Monday, December 24, 2012
God Is Not Dead, Nor Doth He Sleep
I heard the bells on Christmas Day their old familiar carols play
And wild and sweet the words repeat of peace on earth, good will to men.
Every Christmas, tragedy strikes somewhere.
(Talk about an attention-grabbing opening line, yes?)
I know I sound terrifically morbid when I say that, but morbid or no, it's absolutely true. Truth is morbid sometimes. And the truth is that many people suffer from hurt, pain and loss at the holiday season. Of course, pain and loss come all year round--they're not just confined to Christmas--but sometimes it seems to me that it all becomes much more acute at Christmastime.
I'm not just rambling here-- I speak from experience. My family has lost many relatives at Christmastime over the years, and it seems that every year we know someone who's suffering a loss of some kind. We all know about the unspeakable tragedy that took place in Connecticut a few weeks ago. And we ask why? Why do these things have to happen at all, let alone at a time that's supposed to be so joyful?
Then in despair I bowed my head. "There is no peace on earth," I said.
"For hate is strong and mocks the song of peace on earth, good will to men."
Peace on earth? Can we truly sit calmly in churches and sing serenely about such a thing when there are wars and rumors of wars in the Middle East, when loved ones are dying and kindergartners are being murdered? Seriously?
It was as if an earthquake rent the hearth-stones of a continent,
And made forlorn the households born of peace on earth, good will to men.
And yet where in the familiar passage from Luke does it say that the "peace on earth, good will to men" is from men? Where does it say that Christmastime brings peace to all people comes from people? Where does it say that war will cease and tragedy will cease and death will cease at Christmastime?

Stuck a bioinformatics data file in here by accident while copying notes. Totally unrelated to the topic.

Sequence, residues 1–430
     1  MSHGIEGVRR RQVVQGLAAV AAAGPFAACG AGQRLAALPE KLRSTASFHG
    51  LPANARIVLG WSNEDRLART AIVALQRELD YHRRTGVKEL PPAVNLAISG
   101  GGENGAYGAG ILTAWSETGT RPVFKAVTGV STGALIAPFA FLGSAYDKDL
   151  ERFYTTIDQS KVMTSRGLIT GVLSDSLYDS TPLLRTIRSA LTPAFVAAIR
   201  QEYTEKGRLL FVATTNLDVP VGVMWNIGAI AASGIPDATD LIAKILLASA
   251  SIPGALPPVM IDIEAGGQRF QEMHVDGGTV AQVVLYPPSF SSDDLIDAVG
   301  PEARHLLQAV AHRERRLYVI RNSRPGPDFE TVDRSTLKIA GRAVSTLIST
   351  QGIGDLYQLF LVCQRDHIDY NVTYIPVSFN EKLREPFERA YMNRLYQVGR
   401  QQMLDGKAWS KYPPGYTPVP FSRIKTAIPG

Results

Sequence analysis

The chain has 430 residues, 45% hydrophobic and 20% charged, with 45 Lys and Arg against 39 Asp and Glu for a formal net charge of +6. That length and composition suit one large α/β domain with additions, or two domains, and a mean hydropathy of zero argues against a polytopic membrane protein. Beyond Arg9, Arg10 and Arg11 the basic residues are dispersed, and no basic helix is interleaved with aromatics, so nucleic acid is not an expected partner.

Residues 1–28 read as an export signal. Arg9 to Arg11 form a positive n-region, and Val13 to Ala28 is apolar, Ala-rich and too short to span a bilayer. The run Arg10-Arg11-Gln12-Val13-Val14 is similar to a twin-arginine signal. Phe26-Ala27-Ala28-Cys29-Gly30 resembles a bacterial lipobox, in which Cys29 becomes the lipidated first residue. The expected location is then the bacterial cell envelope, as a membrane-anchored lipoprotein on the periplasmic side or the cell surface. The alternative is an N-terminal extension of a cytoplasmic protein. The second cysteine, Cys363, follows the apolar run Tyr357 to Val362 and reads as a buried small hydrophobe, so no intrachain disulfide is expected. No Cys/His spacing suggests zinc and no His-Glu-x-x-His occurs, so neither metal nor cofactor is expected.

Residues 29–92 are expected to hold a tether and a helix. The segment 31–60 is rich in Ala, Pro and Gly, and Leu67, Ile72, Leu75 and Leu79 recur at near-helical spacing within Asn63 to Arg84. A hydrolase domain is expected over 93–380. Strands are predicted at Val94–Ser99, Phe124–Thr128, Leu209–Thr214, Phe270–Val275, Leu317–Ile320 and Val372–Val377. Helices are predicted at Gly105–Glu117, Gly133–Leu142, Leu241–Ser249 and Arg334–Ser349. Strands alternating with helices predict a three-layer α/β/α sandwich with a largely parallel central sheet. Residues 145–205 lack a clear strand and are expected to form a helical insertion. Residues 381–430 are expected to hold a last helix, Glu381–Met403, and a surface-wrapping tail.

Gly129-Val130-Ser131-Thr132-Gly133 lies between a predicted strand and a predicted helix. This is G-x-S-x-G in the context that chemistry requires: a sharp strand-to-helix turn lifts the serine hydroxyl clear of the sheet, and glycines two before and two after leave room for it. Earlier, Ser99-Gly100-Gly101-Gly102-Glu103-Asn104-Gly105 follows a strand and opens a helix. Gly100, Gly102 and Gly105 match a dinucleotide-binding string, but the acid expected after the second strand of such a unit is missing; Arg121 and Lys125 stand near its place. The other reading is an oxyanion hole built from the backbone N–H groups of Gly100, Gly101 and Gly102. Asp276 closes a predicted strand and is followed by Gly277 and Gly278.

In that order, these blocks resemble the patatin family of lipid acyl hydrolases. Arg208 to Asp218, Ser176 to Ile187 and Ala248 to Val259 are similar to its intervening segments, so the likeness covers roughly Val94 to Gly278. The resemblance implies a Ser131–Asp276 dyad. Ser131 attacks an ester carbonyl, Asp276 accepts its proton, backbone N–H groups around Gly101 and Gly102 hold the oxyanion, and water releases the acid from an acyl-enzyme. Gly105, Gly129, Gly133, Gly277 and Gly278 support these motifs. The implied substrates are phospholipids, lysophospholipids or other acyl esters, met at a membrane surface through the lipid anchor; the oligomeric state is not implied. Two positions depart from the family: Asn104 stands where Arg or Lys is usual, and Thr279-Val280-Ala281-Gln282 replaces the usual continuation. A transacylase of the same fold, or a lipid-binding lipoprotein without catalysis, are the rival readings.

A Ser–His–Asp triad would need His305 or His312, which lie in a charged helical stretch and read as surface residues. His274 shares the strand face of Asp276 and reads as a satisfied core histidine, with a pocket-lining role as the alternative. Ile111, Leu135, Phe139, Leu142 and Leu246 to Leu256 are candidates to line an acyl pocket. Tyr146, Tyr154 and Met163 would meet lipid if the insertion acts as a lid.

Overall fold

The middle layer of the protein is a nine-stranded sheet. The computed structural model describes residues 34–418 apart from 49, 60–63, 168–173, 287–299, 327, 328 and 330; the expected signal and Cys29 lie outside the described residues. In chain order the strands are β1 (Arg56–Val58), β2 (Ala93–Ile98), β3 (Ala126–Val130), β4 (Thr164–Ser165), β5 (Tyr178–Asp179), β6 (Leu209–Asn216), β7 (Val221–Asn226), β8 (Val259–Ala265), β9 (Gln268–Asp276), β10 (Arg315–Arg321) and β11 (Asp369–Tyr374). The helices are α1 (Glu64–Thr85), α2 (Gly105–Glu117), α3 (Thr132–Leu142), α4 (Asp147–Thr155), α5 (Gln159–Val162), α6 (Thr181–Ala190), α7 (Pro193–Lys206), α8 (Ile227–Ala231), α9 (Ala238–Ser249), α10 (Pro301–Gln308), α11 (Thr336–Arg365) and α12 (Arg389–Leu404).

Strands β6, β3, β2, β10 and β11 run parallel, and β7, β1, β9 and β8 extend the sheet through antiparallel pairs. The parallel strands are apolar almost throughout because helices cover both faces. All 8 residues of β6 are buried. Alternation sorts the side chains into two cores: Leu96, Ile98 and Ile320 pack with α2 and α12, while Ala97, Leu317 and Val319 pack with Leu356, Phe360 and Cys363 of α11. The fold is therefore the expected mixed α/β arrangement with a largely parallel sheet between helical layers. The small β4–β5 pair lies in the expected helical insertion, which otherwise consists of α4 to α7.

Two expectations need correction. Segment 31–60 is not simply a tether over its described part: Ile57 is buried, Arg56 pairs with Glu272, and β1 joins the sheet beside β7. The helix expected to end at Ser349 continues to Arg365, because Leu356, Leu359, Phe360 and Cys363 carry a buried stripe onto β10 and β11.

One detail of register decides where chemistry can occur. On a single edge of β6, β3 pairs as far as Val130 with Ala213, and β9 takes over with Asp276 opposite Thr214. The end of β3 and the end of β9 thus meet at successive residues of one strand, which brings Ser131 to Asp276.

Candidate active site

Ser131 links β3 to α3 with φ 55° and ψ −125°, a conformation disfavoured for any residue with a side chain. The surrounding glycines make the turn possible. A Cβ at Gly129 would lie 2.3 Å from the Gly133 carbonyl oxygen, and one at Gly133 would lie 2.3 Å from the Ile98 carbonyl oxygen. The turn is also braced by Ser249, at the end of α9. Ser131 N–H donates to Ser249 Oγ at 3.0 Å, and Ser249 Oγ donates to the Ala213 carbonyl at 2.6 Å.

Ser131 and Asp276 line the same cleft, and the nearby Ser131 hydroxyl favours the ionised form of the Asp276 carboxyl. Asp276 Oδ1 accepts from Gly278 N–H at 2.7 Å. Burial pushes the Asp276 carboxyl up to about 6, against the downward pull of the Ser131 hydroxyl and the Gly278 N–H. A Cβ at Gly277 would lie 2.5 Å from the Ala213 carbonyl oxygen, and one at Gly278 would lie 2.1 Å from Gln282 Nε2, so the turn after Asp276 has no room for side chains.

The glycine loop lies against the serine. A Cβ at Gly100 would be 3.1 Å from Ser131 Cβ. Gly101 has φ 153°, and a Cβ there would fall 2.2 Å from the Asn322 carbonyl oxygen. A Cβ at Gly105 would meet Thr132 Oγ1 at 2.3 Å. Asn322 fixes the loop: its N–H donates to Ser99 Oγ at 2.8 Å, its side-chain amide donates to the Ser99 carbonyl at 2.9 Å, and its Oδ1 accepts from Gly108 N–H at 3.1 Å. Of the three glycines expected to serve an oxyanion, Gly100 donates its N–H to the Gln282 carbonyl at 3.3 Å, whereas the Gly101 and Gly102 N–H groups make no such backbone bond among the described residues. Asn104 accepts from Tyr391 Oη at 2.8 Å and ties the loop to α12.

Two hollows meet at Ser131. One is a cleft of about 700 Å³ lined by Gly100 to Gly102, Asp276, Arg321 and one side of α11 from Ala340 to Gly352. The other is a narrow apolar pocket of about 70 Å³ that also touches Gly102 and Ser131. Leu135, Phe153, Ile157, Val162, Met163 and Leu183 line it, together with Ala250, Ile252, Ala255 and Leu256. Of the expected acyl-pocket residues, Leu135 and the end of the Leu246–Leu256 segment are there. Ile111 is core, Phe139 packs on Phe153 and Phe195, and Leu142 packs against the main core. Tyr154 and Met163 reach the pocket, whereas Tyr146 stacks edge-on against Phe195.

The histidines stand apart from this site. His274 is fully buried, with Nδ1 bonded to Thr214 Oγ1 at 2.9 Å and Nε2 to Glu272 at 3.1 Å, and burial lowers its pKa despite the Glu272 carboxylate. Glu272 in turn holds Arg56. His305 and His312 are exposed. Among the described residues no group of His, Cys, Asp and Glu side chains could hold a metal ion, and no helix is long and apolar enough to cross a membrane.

Rather, the angel's words go like this: "Glory to God in the highest, and on earth peace, good will toward men." The good will toward men is from God in the highest, a supreme act of good will manifested in sending His Son to an undeserving race of sinners. Nowhere in the Scripture does it say that Jesus' birth marked the end of suffering in this world. No, in fact, Jesus Himself clearly stated in John 16:33, "In this world you will have tribulation."
How cheery. Merry Christmas, everyone.
Then pealed the bells more loud and deep, "God is not dead, nor doth he sleep.
"The wrong shall fail, the right prevail with peace on earth, good will to men."
It's all right there in that one little phrase: God is not dead, nor doth he sleep. When the Son of God was brutally killed and put in a grave, He did not die forever. He rose again to bring the second part of John 16:33-- "...but be of good cheer: I have overcome the world."
This world is filled with evil. Evil brought on by the human race, evil continued ever since the Fall in the hearts of men. True peace on earth will never come by human workings. Good will to men from other men is paltry at best. Only God can make the wrong fail and the right prevail. Only He can turn weeping into dancing. Only He possesses the oil of joy for mourning, for He came to preach deliverance to the captive and bind up the brokenhearted.
O come, Thou Dayspring, come and cheer
Our spirits by Thine advent here.
And drive away the shades of night
And pierce the clouds and bring us light.
Immanuel has come to thee, O Israel.